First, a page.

Why Your Email Marketing Strategy Stopped Working – And How To Fix It


Recently I came across a question on LinkedIn: “Why does Email Marketing sometimes fail?” To be fair, the question is an honest request for feedback, not an assertion. Email is a proven communications method when used well, however there are those moments when senders see a pronounced reduction in email’s effectiveness, and must decide whether to re-evaluate their strategy.

It’s a dirty little secret in marketing: Every tactic eventually falls short. We see it when a great television campaign just stops being interesting, and when a Facebook page rises to 100,000 Likes and then suddenly stops growing. Dancing Santa banners must have been hilarious at one time, but are now the online equivalent of carnival barkers.

Email is more of a journeyman tactic. It’s always there. It’s reliable. It’s expected, and it drives immediate visits. But it rarely makes a big splash or gets talked about (unless the sender made a mistake). It’s hard to ‘re-launch’ a brand using email. It just reflects what the brand is doing in other avenues.

Email’s Strengths and Weaknesses

Even the most reliable methods have their bad days. In fact, if you consider that the majority of recipients never open a mailing, email marketing doesn’t sometimes fail – it always fails.

Naturally, that’s not the criteria we commonly use to define success. In comparison to television ads, yellow pages, postcards, billboards, radio spots, magazine ads, websites, social outposts, and store displays, email is superior in maintaining awareness with existing subscribers. It can also drive immediate visits and sales activity from those subscribers better than most other methods.

As a tool for reaching a new audience or raising the Wow! factor, however, email is terrible. It’s simply not meant for that. When email starts to falter, it can be seen in the trends over time, usually in the levels of opens and clicks. This could be due to many things, for instance:

  • Changing Subscriber Behavior. Your readers might start to trend younger and move on to other platforms. They might move in a direction away from your brand or solution. They might trend toward a different buying stage depending on what kind of marketing you are doing in other areas.
  • Lack of consistency. Email campaigns should be consistently written and designed so readers always know who it’s from and welcome it. This can be overdone, of course, causing the issue noted next.
  • Natural atrophy. A weekly email is very exciting when I’ve just signed up for a campaign, but over time I get bored with it.
  • Static branding. People expect your company to reinvent itself every few quarters. Email campaigns should reflect this, and are even good for announcing sneak previews of what’s coming.
  • Lack of value. If all the best writing and presentation is going into the company blog, website, landing pages and social outposts, but not the email campaigns, this can affect the trend.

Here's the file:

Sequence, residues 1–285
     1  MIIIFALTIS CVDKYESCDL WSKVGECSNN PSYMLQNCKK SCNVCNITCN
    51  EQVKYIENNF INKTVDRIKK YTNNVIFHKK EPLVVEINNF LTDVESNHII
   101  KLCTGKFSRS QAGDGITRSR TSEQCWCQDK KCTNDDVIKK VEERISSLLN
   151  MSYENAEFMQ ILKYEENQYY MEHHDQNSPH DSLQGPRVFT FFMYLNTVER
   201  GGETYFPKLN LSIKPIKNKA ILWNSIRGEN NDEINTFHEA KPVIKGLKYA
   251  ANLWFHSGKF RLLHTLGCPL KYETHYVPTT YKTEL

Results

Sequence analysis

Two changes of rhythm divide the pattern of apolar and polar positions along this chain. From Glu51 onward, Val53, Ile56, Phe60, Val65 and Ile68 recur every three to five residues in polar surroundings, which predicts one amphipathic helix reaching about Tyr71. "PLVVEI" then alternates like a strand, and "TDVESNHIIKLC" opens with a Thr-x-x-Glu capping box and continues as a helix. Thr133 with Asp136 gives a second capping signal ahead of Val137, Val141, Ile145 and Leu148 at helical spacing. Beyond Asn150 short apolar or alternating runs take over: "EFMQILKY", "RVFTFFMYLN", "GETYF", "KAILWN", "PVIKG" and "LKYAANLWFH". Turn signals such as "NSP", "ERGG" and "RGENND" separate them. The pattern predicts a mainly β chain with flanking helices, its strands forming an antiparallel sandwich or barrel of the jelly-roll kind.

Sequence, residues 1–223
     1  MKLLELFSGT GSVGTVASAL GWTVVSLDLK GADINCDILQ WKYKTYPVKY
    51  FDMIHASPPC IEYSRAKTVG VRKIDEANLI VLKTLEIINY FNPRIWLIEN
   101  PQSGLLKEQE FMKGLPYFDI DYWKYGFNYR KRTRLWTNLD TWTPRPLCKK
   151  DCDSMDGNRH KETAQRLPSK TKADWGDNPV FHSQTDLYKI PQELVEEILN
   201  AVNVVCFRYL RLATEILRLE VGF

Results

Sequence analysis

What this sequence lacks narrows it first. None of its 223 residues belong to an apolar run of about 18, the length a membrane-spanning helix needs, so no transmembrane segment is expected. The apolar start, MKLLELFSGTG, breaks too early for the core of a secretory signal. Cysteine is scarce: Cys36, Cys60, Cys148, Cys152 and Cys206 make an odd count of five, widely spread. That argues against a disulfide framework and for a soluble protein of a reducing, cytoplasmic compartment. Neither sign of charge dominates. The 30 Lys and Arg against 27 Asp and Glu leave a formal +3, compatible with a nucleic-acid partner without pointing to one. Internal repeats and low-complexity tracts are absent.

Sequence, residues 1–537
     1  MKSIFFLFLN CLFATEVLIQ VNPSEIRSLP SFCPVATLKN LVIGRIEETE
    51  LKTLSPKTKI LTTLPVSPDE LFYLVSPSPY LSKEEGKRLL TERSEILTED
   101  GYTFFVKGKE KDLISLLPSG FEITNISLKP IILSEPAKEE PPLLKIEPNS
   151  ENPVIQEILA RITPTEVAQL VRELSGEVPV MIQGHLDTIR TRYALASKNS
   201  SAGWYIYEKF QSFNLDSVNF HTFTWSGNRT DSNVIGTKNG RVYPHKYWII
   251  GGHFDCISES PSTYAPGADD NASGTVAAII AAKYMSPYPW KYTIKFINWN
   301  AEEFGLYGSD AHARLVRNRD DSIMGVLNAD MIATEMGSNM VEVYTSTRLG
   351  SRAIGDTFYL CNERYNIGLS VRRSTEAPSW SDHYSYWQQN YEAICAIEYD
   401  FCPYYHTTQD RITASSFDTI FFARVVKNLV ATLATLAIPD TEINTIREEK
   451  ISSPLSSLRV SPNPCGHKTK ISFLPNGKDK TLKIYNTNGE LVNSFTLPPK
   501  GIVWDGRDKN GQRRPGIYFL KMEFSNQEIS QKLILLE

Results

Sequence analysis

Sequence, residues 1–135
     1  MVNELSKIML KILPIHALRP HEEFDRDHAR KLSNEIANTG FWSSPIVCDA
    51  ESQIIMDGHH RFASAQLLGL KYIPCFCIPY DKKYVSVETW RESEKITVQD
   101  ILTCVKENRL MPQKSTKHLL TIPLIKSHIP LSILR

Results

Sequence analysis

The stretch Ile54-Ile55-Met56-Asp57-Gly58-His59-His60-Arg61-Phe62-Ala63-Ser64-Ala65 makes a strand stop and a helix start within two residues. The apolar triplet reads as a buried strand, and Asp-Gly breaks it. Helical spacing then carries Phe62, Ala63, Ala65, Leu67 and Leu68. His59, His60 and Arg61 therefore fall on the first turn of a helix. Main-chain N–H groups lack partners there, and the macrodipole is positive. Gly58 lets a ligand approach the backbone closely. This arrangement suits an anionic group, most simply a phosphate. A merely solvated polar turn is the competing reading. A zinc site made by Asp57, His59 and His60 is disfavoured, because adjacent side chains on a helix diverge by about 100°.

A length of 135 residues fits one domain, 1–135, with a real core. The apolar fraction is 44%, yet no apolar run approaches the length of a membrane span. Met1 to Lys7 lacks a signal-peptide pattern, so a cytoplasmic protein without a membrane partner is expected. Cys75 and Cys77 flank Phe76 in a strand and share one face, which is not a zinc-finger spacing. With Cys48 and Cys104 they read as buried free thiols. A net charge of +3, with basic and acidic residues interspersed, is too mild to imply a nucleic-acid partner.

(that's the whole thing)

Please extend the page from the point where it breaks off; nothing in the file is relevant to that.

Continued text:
• Economic conditions. I know I ignore emails from vendors when times are tough in business and in the personal realm. I might still get them, but I don’t read them.

So What Can You Do?

If your trends are showing reductions in opens and clicks, the best ways to shake up your email campaigns are evident in the issues I’ve pointed out above:

  • First, find out what your market base is doing. This is a great time to send your subscribers a survey asking for key demographic information and expectations. This will help you understand why they’ve fallen out of love with your emails.
  • Make sure your emails follow a consistent brand theme, and treat every aspect as part of that theme. It’s not just the size and color scheme, but also the way you write, the shape of the text areas, the location of the call to action, and the subject line itself. Take one of your best performing campaigns, and try to mimic its layout.
  • Even with the best brands and themes, email can fall flat. There are two ways to go: Change it up, potentially losing a good chunk of your audience, or shift your focus to building your list. Your proven look will always appeal to someone new.
  • If you’re always sending product news, promotions and updates, and asking the reader to buy something, maybe it’s time to send something different. Invite them to read your blog, host a guest-written article, or feature a video. Give something away.
  • If economics are affecting your email campaigns, there may be little you can do about that. Many senders dial back their email strategy during these times, but that’s the opposite of what they should be doing. Email is the cheapest, quickest way to communicate with your most loyal fans and subscribers, and should be your go-to during tough times.

Email is proven and getting better at reaching people quickly. If your email is flagging, it doesn’t mean the tactic no longer works for you. It just means you have to step back, evaluate, learn, and make some changes. Your website isn’t the same as it was five years ago, right?

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